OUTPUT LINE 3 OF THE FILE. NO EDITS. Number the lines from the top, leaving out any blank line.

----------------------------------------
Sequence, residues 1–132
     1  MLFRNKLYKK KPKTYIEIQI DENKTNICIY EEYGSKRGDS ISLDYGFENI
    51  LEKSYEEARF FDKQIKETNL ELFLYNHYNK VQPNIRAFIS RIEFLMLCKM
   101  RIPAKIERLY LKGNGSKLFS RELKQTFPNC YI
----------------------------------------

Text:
    51  LEKSYEEARF FDKQIKETNL ELFLYNHYNK VQPNIRAFIS RIEFLMLCKM